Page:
There was more to it than simply the betrayal of dissidents; for this involved the question of the Senators’ own independence. Indeed, they should have known that every Soviet official who dealt with high-ranking foreigners would see them not as partners, but as potential targets for recruitment, potential collaborators or fellow-travelers. On such occasions, the Soviets always searched for a way to corrupt you. The worst thing you could do was to show the enemy that you depend on him in any way. For any Western politician, telling the Soviets that his public image depends on their good will was the first step to becoming an agent of influence, de facto if not de jure.

Today, it is a fact rather than a possibility that the next U.S. administration will have to lead the free world in the Second Cold War. Respectively, the staunchest critics of Russia’s authoritarianism from recent years – Senators McCain and Biden – are now at the center stage of the electoral campaign. Yet, fighting and winning this new Cold War will require more than just rhetoric. In order to work out correct strategies and tactics, it is more important than ever to analyze the lessons and mistakes of the first Cold War.

* [Top secret document is printed below]

9-20 April 1979 [?]The memo by Vadim V. Zagladin, deputy head of the International Department of the CPSU Central Committee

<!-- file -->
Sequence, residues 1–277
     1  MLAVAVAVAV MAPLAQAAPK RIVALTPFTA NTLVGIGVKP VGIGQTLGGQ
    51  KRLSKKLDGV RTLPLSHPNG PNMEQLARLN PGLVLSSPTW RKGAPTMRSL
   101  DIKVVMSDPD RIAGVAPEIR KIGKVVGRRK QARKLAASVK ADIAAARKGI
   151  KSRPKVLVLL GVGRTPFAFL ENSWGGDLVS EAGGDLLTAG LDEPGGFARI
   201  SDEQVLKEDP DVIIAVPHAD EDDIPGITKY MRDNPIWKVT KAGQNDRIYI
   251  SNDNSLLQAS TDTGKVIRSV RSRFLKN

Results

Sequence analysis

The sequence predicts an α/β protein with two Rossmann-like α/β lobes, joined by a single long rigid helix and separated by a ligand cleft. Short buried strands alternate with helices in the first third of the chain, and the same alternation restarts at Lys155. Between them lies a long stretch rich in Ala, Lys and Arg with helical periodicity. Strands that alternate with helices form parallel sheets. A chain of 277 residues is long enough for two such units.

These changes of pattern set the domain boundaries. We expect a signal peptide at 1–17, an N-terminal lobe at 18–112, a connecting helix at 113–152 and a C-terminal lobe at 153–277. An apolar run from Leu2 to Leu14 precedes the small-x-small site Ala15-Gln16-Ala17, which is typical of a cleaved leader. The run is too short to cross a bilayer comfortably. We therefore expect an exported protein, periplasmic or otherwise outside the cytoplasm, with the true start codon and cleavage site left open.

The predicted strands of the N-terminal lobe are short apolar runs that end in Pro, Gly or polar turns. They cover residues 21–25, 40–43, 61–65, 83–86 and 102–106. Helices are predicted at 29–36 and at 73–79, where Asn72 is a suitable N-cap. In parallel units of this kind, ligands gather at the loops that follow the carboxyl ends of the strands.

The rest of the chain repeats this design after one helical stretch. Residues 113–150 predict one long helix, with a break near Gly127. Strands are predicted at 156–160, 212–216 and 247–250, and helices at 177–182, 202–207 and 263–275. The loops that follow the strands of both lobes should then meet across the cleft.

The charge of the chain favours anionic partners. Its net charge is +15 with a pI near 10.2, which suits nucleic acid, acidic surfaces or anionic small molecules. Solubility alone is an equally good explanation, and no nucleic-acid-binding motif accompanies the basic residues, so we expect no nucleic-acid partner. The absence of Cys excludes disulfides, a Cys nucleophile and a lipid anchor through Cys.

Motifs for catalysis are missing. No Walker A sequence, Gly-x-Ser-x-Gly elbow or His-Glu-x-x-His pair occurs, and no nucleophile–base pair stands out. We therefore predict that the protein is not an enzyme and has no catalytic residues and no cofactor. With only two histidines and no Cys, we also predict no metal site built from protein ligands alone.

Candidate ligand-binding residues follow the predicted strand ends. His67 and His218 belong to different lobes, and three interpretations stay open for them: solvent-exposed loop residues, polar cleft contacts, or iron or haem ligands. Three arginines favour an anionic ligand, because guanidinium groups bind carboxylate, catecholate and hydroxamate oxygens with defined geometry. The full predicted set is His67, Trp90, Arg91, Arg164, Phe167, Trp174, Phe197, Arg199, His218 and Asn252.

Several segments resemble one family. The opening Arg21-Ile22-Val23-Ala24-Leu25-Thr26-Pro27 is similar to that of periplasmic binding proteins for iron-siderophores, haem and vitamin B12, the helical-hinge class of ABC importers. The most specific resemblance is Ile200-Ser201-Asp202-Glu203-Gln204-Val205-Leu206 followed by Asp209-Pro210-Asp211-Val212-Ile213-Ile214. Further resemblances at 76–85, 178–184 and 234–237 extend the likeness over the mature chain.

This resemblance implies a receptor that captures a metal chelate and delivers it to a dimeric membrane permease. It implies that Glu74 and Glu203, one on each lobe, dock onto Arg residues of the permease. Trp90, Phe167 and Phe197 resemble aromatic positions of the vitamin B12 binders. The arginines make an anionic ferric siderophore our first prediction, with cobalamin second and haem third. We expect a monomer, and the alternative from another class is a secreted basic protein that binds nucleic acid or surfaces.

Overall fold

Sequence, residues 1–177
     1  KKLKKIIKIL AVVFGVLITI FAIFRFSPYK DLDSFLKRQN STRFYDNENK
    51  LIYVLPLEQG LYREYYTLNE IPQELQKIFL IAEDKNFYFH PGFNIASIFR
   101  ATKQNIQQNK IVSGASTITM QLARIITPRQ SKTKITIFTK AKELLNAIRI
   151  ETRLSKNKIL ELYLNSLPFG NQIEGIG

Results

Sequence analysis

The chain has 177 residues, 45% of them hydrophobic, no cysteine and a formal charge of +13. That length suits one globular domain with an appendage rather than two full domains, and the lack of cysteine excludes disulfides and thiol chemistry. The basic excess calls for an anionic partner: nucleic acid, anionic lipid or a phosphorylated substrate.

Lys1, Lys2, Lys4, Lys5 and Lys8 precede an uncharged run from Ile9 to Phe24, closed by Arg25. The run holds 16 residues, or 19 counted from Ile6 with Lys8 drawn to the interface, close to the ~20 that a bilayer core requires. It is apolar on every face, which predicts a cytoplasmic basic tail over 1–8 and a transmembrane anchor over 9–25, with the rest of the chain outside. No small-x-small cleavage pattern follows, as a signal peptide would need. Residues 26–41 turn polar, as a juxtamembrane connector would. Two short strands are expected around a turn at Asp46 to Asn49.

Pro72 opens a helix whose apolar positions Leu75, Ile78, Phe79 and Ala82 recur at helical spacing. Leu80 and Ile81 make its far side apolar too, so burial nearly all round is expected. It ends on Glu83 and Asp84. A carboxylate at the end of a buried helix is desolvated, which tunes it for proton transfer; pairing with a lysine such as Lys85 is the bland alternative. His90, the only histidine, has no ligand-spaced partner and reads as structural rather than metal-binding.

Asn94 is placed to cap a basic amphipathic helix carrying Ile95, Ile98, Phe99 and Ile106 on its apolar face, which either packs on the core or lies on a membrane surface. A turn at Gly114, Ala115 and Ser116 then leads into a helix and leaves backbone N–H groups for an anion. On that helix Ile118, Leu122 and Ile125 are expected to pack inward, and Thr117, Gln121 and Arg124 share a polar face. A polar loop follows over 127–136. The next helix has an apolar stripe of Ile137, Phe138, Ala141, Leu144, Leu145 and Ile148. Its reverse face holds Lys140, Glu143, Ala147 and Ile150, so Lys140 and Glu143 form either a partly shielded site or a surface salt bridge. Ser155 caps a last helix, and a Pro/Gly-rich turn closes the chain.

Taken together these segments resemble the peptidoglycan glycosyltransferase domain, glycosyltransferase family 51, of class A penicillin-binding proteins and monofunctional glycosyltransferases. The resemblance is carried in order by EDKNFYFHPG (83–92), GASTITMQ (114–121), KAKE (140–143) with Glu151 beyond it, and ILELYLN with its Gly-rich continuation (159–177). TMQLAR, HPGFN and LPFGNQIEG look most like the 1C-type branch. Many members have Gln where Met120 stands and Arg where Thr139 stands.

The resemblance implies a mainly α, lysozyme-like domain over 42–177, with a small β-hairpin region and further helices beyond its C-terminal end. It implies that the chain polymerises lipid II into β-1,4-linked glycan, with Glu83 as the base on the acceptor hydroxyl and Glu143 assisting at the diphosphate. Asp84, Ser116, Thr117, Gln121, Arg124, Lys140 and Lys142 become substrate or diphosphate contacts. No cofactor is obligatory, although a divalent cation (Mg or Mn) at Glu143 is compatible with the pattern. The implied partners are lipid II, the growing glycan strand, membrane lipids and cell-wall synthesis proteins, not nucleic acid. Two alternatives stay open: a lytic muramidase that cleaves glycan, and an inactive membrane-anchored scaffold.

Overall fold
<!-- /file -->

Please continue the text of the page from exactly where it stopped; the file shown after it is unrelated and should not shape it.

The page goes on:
ON THE BASIC CONTENTS OF TALKS WITH THE US SENATORS

During the official negotiations with the delegation of US senators led by J. Biden and the unofficial talks with the delegation’s head and some members, our collocutors expressed a number of considerations of certain interest.

1. J. Biden, the head of the delegation, said that the mutual understanding that the SALT-2 treaty should be ratified is, basically, achieved in the Senate Commission for Foreign Affairs. However, four reservations should be formulated. The contents of those reservations have already been reported to us by our embassy in Washington.

While commenting on the contents of those reservations, Biden said they should not worry the Soviet Union because they do not concern the substance of the treaty. The only reservation which, in his opinion, may cause our ‘displeasure’ says that the SALT-2 should not prevent the US from providing the defence capabilities of their allies. In practice, the collocutor said, this is a way to confirm the US’ preparedness to keep supplying European NATO members with modern US weapons, with the exception, naturally, of those types which are covered by the treaty itself.

The Senate Commission for Foreign Affairs is going to conclude the consideration of the treaty by the end of September. However, the Senate itself is starting to work on this problem later, possibly on the eve of the Christmas.

2. As for the problem of supplying Western Europe with new types of weapons, including the Pershing missiles etc.;, Biden said that no final decisions had been taken on this issue yet. Those decisions will be taken in December. And a lot there, he emphasised, will depend on the position of the Soviet Union.